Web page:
Susan Franklin rose early in anticipation of the day ahead. She didn’t dread the day - quite the opposite, she embraced it – but still the tears would come, early and often.
She poked her head into Billy’s room and smiled as she looked at his sleeping face. He was nine. She thought of how much he looked like his father and the tears began.
She quietly closed the bedroom door. She’d let him sleep a few more minutes while she made them both breakfast.
He was in a stairwell surrounded by darkness. He could hear the screams and cries of those above him. His flashlight was the only thing that provided any light. The way up so far had been slow. But he was determined to reach the sounds above.
The sound of bacon frying in the pan gave Susan a feeling of déjà vu, and she allowed her mind to go back to other mornings, other breakfasts.
She sighed. These were the days that she really missed him. Days that were harder than most: Birthday’s, anniversaries, holidays, and today.
Today was the hardest of all.
He ran into a barrier. He couldn’t tell what it was, debris of some sort, but it was directly in front of him, between him and the voices above. He turned off his flashlight and put it in his belt. He slowly began removing the debris, one piece at a time. He knew time was of the essence, for those he was trying desperately to save, for himself. As he continued his work, the cries above continued.
They were sitting at the small kitchen table. The days of eating in the dinning room at the family table had long passed.
Billy looked up from his plate. “Mom. Today’s the day I see the garden?”
“Yes, dear.” She smiled as she thought of the story she used to tell Billy. A simple story told to make a young child understand. “Today’s the day.”
With the last “chunk” behind him he began again on his journey. The debris he was able to move was only a small part of what stood in his way. The going would be painstakingly slow from here on out.
The cries above had by now turned into a single cry for help.
From anyone who would.
From anyone who could.
Breakfast was over and they were both getting ready. Susan was looking in the mirror when Billy walked in.
“You ready, Mom?”
She straightened her dress one last time. “Yes.” She said. She grabbed her purse off the dresser. “I’m ready.”
Billy stood straight as he asked his mom the next question. “Can I get it down?”
She paused for a short moment before answering. Then. “Yes. You can get it down.”
Billy walked over to his mom and hugged her. “Thanks, Mom.” He grabbed her hand. “C’mon. We’ll go together.”
Billy led his mother out of her bedroom and down the hall. Midway down the hall they both stopped. Billy let go of his mother’s hand and turned toward a picture hanging on the wall. He slowly reached up with both hands and took the picture down.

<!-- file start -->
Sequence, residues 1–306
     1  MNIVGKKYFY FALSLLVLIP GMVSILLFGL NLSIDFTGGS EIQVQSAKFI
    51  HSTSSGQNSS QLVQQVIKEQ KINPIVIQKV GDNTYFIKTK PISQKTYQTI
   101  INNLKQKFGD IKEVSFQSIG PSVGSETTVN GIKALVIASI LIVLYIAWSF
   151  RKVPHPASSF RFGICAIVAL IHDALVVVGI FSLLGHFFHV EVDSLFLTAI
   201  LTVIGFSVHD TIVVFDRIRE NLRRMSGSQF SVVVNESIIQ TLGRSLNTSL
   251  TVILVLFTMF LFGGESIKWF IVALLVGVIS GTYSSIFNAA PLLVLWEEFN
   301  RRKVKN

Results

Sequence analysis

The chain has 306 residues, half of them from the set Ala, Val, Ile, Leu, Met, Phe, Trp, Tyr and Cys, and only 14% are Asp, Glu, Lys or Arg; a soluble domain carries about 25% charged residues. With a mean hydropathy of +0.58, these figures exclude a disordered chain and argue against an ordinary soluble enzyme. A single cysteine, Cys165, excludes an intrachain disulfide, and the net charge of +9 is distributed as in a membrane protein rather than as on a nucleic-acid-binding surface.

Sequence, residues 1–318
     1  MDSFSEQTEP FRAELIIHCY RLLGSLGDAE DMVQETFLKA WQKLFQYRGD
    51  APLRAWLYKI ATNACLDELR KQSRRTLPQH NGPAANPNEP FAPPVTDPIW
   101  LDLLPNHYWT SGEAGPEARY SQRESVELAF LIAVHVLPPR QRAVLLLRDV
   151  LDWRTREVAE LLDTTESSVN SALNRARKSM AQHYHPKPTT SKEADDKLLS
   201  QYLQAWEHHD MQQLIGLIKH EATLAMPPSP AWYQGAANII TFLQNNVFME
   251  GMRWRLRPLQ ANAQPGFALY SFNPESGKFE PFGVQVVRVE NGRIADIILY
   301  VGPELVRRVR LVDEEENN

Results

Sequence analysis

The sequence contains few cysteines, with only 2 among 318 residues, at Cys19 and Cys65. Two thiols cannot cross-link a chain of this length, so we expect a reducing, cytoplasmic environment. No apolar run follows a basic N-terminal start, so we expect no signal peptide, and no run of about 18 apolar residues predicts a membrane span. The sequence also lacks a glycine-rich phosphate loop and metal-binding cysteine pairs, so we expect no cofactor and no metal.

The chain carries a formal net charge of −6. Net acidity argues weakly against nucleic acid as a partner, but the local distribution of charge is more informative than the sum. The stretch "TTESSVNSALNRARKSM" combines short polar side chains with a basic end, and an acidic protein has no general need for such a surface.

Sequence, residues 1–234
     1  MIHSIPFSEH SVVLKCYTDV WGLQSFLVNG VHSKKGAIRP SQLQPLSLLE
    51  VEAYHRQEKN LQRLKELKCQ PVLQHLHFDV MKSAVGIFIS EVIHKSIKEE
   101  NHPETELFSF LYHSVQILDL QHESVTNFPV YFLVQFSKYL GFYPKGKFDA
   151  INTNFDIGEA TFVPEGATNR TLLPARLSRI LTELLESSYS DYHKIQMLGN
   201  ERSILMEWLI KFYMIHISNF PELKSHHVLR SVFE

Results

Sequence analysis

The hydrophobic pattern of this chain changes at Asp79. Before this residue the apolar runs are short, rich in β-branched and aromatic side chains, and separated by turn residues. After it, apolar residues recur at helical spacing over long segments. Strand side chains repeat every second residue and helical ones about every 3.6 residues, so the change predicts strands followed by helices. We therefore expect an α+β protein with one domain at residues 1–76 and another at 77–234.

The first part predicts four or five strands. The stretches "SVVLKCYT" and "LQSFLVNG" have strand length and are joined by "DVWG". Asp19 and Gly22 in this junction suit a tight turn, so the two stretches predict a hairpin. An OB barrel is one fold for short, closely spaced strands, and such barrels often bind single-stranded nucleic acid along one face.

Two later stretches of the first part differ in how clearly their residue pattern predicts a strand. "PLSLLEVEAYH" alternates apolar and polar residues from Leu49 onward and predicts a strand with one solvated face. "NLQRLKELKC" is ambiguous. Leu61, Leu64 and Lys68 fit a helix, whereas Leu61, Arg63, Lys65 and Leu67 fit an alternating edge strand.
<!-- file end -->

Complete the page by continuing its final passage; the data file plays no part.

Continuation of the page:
“Can you walk?”
“I… I think so.”
He looked around at all the destruction. The smoke. The flames. “There’s no one else?”
She shook her head. “They didn’t make it.” She burst into tears. “Some jumped. I’m… the last one.”
He placed his arms under her shoulders. “Well. I’m here now. You’re not alone anymore.”
He carried her back the way he had come.
They were in the car when Billy broke the heavy silence.
“One stop before the garden. Huh, Mom?”
“You think she’ll be ready?”
Susan nodded. “She’ll be ready.”
“I can’t go without you. I won’t.”
He handed her his flashlight. “There’s only enough room for one of us at a time.” He grabbed her hand. “As soon as you get through, I’ll come behind you.”
Together they looked at the debris in front of them, and the small passage of escape. The woman began to crawl through the small space he had cleared earlier. She turned back to him. He smiled.
“Hey,” he said. “I didn’t get your name.”
She looked back at him. “It’s Cheryl. Cheryl McDaniel.”
“Mike.” He said. “Mike Franklin.”
She smiled one last time. “Thank you, Mike. Thank you for saving me.”
And with that she was gone.
And four minutes later, Mike’s world went black.
Cheryl McDaniel walked out of her Manhattan apartment. She slowly walked down the sidewalk and stopped right before she got to the car. She took a deep breath and walked around to the passenger’s side. She opened the door and got in. She didn’t say a word to Susan or Billy, instead simply leaned over and gave Susan a hug. Then she reached over the back seat and patted Billy’s knee.
Billy smiled at Cheryl.
The car moved down the road.
Billy settled in for the ride. He leaned back and closed his eyes. The picture he had taken down was sitting next to him, leaning against the backseat of the car. It was the picture of a man, a man in a policeman’s uniform, and on his head was a hat, and on the hat were the letters…N.Y.P.D.
The car drove on in a reverent silence and headed toward the place that once had its own zip code – 10048 – the former site of the World Trade Center.
I didn’t realize when I got the idea to do a sequel to “Two Plants” that I would find it so emotionally draining. What finally did if for me as I researched this piece was a picture of a little girl at the memorial service at “Gound Zero” one year after the fact. She was holding a picture of her father in her hands. This is a piece of fiction, but as I typed these words my mind always held on to the image of that little girl.
So many images. So many stories.
One more quick note, I read somewhere that the USPS reported that six years after 9.11 the Twin Towers zip code still received 300 pieces of mail each day.
May we never forget those who gave all, for the garden …
This was very touching. I like to read stories of the twin towers. I'm not sure why...maybe it's because I knew exactly where I was at that moment in time. You did a great job placing an image in my mind of what these characters were going through. Good job!
Grammatically speaking...I think you meant Susan was feeling dejavu. Great piece!